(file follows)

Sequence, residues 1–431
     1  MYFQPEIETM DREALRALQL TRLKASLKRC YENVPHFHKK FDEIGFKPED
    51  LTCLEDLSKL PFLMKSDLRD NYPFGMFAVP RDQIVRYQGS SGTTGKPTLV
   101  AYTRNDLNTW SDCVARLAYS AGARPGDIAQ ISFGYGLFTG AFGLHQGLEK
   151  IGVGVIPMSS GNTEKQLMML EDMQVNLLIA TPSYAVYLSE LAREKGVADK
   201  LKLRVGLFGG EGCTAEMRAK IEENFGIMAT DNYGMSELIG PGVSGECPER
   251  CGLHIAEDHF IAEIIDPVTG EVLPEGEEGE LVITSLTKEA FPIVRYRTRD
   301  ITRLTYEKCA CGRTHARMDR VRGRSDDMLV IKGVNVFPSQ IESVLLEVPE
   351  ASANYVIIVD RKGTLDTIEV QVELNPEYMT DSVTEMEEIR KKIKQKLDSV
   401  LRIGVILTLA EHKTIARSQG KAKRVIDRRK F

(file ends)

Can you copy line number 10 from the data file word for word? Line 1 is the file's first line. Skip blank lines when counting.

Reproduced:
   401  LRIGVILTLA EHKTIARSQG KAKRVIDRRK F